Iran's top nuclear negotiator told a meeting to international security officials in Germany that Tehran's civilian atomic program was no threat to Israel.
"That Iran is willing to threaten Israel is wrong," said Ali Larijani. "We pose no threat and if we are conducting nuclear research and development we are no threat to Israel. We have no intention of aggression against any country."
Larijani, speaking in Germany at a forum that gathered the world's top security officials, said his country was willing to negotiate a compromise through negotiations with the International Atomic Energy Agency, headed by Mohammad ElBaradei.
"I have written to Mr. ElBaradei to say we are ready to within three weeks to have the modality to solve all the outstanding issues with you," Larijani said at the forum.
In Israel, Foreign Ministry spokesman Mark Regev dismissed Larijani's comments, saying Iran's government was trying to convince the international community to believe that their intentions are benign.
"The fact is that they have failed in this attempt and there is a wall-to-wall consensus that the Iranian nuclear program is indeed military and aggressive and a threat to world peace."
On Friday, the IAEA suspended nearly half the technical aid it provides to Iran, a symbolically significant
punishment for nuclear defiance that only North Korea and Saddam Hussein's Iraq had faced in the past.
Meanwhile, Iranian President Mahmoud Ahmadinejad marked the 28th anniversary of Iran’s revolution on Sunday pledging to pursue the
Ahmadinejad, under pressure at home to tone down a confrontation with the west, ruled out a UN demand to suspend uranium enrichment while also saying he wanted to remain within international rules.
Iran has until Feb. 21 to halt uranium enrichment, a process that can make fuel for power stations or, if greatly enriched, material for warheads. A UN sanctions resolution passed in December threatened further measures if Iran refuses.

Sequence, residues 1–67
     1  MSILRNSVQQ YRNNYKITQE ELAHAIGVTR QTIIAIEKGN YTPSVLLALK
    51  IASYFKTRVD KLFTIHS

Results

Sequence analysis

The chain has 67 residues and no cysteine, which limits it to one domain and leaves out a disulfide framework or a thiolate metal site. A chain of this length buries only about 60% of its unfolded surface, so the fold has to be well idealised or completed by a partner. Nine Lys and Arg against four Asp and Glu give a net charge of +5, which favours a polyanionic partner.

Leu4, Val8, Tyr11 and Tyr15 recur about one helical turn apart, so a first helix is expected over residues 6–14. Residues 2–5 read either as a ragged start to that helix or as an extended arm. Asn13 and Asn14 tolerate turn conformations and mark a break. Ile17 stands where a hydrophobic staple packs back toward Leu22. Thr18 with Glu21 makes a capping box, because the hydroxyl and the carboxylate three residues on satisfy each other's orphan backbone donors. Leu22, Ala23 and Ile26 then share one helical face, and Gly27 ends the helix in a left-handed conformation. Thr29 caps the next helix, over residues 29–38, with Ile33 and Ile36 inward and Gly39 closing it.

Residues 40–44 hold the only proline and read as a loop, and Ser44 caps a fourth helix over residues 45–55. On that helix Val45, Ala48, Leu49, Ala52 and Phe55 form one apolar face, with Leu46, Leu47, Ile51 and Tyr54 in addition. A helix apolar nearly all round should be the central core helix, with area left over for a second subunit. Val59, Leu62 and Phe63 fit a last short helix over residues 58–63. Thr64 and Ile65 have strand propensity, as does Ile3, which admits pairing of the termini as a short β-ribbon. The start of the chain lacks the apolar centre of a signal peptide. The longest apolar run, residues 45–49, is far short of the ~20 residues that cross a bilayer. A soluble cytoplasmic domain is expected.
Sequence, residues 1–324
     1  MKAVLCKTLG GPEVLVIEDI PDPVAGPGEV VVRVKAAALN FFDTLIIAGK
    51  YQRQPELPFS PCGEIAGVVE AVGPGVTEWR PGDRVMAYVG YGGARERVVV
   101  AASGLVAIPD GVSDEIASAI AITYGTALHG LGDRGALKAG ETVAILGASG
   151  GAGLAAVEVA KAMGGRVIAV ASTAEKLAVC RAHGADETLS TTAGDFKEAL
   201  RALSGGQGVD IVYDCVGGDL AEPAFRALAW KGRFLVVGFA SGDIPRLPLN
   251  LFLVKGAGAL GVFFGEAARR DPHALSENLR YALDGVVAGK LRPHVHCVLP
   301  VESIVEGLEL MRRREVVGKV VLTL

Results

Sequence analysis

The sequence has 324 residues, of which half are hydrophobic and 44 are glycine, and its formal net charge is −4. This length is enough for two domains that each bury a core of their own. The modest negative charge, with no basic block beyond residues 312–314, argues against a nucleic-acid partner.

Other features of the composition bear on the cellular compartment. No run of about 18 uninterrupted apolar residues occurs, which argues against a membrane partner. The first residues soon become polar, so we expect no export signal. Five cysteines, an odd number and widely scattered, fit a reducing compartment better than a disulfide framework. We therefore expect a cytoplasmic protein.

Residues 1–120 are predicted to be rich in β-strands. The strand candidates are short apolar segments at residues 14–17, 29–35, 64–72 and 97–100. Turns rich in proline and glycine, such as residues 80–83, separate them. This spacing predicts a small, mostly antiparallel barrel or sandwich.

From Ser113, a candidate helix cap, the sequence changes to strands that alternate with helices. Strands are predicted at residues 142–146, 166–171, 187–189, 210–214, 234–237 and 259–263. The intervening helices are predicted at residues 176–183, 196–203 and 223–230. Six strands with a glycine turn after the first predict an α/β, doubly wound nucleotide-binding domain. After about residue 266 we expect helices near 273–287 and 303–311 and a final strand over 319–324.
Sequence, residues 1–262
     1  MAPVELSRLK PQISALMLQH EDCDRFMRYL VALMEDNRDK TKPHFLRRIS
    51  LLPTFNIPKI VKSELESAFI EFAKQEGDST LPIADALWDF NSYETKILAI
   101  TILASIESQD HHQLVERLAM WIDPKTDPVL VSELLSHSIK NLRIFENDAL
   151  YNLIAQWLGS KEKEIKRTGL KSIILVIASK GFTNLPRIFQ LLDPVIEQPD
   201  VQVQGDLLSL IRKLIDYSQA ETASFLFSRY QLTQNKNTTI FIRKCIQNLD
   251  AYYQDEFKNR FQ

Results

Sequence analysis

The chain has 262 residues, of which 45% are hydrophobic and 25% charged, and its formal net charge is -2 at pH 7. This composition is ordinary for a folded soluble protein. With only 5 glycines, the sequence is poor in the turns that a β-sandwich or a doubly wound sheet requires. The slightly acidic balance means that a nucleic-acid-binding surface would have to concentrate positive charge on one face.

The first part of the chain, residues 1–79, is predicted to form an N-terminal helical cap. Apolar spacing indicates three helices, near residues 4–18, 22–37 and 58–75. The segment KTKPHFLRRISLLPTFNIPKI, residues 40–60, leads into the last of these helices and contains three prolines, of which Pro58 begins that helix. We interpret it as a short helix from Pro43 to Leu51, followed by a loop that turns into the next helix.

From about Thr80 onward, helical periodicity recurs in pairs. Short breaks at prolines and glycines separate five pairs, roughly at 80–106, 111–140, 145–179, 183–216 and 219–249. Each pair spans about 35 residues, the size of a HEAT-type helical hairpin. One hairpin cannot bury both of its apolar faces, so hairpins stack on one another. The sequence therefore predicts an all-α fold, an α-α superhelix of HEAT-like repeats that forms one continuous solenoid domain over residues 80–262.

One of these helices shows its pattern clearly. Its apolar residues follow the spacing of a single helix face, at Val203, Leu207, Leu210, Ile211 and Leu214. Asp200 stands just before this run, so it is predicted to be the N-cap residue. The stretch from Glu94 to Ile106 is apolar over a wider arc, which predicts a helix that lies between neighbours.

“We are ready for talks but will not suspend our activities,” Ahmadinejad told hundreds of thousands of Iranians in Tehran’s Azadi (Freedom) square to mark the 1979 Islamic revolution, saying suspension would be “humiliation.”
“The Iranian nation is interested in continuing its nuclear activities in the framework of the (International Atomic Energy) Agency’s regulations and treaties,” he said.
'Great' achievements soonBut he said Iran would announce “great” achievements in the days up to April 9, “especially nuclear” developments. Despite Western accusations that Iran wants atomic weapons, the president repeated Iran’s assertion that its plans are peaceful.
Ahmadinejad’s promise to celebrate what he calls Iran’s nuclear rights during Sunday’s events had prompted talk that the anti-Western president might say it had begun installing 3,000 centrifuges at its Natanz uranium enrichment plant.
Prior to the speech, a senior Iranian official had told Reuters no such announcement would be made that would provoke the West. Pragmatist voices, increasingly prominent in Iran’s ruling elite, have been counseling a more cautious approach in Iran since the UN sanctions were imposed.
Iran already operates two experimental cascades, each of 164 centrifuges at its Natanz facility. Western diplomats say Iran has also set up an additional two cascades in an underground section of the facility, the first stage towards building thousands for what Iran calls “Industrial-scale” enrichment.
A proposal being considered by some European states would permit Iran to keep its enrichment infrastructure of several hundred centrifuges but it would not be allowed to feed any processed uranium hexafluoride (UF6) into the machines while negotiating with six world powers over a package of incentives.
Worried Iran would gain nuclear skills by vacuum-testing centrifuges, neither the United States nor Britain would find the idea very attractive, some Western diplomats said.
Talks last year between Iran and six world powers—the United States, Britain, Germany, France, China and Russia—failed after Tehran refused to suspend enrichment work.
After almost three decades, many Iranians, especially the young, have lost interest in the revolution. But most remain proud of their country’s nuclear program.
“I am so proud of Iran’s atomic achievements. Nuclear technology is our right,” said government employee Ebrahim Ahmadizadeh, 24, who attended Sunday’s events in Tehran wearing a white shroud symbolizing his readiness to die for his country.